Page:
The year is 1812. Great Britain isn’t playing nicely, so we declare war. There’s only one problem: the primary producer of gunpowder in the world is India, one of Britain’s colonies. We’re totally stranded with all odds against us.
Enter in Mammoth Cave, the longest cave system known to man. While this alone is remarkable, you may argue the cave’s role in the War of 1812 is even more so. As the rangers put it – if not for Mammoth Cave – we might be driving on the left side of the road.
What Saved the United States
It all boils down to saltpeter and about 70 African American slaves who mined it from the mineral-rich dirt of the cave passages. This valuable material was an ingredient used by the DuPont Company to create black gunpowder, releasing us from our reliance on foreign aid and helping America retain her independence. According to one guide we met, it’s estimated that two-thirds of the saltpeter used came from Mammoth Cave.
Standing in the magnificent rotunda where mining equipment still lays abandoned, it’s hard not to feel chilled at the thought of those enslaved men laboring for hours in near darkness. So many tragic stories unfolded in those caves, near forgotten tales of heroes who mapped out the history of our country.
…the remarkable history of early cave explorers continues to inspire our own thirst for adventure.
Honoring A Famous Explorer
We recently shared the tale of John Croghan, a doctor who saw the robust slaves working in the caves and thought their strength meant the climate would cure ailments. Though his tuberculosis experiment was a failure, the legacy of his slave Stephen Bishop as a cave guide in the mid-19th century is one famously remembered to this day.
Imagine lighting total darkness with nothing but a lard-powered lantern as you descend into the damp, rocky depths of the Earth’s underworld.
You have no map, no safety net, and no clue what might await you in the darkness that’s so thick, you can’t even see your hand in front of your face. Yet something drew Bishop into the unknown. The result of his many years of exploration was a map showing 16 km of passageways, half discovered by him. When a German mining engineer by the name of Max Kämper later explored the cave system to produce an official map, it looked almost identical to Bishop’s. The difference? Bishop drew his from memory without formal education.
Tourists demanded tours from Bishop, who was freed in 1856 under the terms of Croghan’s will. He lived out the rest of his rather short life near the caves, and you can find his grave near the historical entrance.
In honor of Stephen Bishop and the slaves who toiled in the caves, we crafted a Mammoth Cave poster that captures the remarkable history of this Kentucky wonder. It showcases a moment of discovery and uncertainty as this lone soul ventures deeper into uncharted territory.
And isn’t that something most of us can relate to, in a symbolic way?
Our country was built by those seekers who went out despite the odds. Though we romanticize those days, the remarkable history of early cave explorers continues to inspire our own thirst for adventure. We’re often searching for something we can’t quite put a finger on, whether it’s in a physical place or within ourselves. We may never know what drew Bishop into those caves, but his journey into them resonates with those of us who feel the same urge to explore what we don’t know.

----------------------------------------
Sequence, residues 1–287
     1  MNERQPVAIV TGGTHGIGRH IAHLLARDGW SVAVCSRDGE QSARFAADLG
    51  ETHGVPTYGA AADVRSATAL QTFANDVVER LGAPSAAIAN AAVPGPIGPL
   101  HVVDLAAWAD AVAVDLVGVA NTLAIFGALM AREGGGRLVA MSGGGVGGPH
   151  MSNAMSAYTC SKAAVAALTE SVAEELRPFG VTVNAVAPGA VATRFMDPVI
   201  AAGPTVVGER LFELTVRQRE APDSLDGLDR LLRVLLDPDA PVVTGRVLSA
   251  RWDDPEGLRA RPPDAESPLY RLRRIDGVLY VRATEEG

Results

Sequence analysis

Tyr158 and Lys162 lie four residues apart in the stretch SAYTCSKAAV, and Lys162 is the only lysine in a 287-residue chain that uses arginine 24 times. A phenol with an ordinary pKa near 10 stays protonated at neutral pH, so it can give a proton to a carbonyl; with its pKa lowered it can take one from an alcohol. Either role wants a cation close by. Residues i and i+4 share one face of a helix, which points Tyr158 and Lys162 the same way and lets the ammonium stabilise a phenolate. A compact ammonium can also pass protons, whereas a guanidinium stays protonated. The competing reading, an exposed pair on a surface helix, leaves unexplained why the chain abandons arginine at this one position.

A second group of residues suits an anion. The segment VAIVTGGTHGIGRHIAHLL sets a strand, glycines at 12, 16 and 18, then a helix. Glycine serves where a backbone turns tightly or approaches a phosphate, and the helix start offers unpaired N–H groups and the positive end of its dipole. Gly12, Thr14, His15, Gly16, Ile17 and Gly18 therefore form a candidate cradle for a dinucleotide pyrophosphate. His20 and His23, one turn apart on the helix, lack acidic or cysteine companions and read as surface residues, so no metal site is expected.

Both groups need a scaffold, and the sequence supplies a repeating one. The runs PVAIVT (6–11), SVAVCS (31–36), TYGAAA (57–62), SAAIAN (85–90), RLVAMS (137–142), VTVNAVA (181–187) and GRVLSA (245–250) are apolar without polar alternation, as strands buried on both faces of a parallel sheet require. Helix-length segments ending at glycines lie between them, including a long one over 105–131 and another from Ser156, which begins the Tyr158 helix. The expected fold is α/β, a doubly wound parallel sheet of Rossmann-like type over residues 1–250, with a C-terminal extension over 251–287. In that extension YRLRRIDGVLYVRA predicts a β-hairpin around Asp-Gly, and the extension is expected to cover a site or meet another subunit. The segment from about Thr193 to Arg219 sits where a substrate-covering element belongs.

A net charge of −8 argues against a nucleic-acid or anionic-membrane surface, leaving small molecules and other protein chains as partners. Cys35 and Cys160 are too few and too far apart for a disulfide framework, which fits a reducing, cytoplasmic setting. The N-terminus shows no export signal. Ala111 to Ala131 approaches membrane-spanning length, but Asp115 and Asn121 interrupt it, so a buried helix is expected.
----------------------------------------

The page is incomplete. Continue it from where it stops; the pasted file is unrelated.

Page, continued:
How We Captured this History
We’re excited to share the very first poster from our Centennial Poster Series in celebration of the 100th anniversary of the parks. The imagery was inspired by cave tours, stories from rangers, the Heritage Walk and the museum at the visitor center. Standing within those cool stone formations, we could only imagine Bishop holding up his lantern as he stepped forward. The electric lights along the tours bathed our surroundings with a warm glow set against the contrast of dark shadows. We used the colors of the park for inspiration.
Visit our shop Hike & Draw to read more about the process behind the poster, which we elaborately sketched and composed while camping four nights at the Mammoth Cave campground. We are donating 10% of profits to Friends of Mammoth Cave in support of their effort as a park ambassador. All other proceeds sustain us as we continue the artistic storytelling of this National Park Quest. We’re grateful for your support. Check out the details here!
Above all, consider a visit to Mammoth Cave National Park; leave nothing but footsteps, and take away the remarkable history of a natural phenomenon tucked away in a humble landscape.
I love this poster. We visited Mammoth Cave not too long ago. It made me realize that being underground is not really my thing, but I loved the campground and the quiet trails above ground! It’s been really fun reading about your adventures.
Thanks Tara :-). Yes, I agree completely. We thought about doing the Wild Cave Tour but then I realized.. I actually don’t think that sounds fun for me at all. It’s also been fun to read your blog, I was so excited for you to make it to Grand Canyon! It will be my first time there too.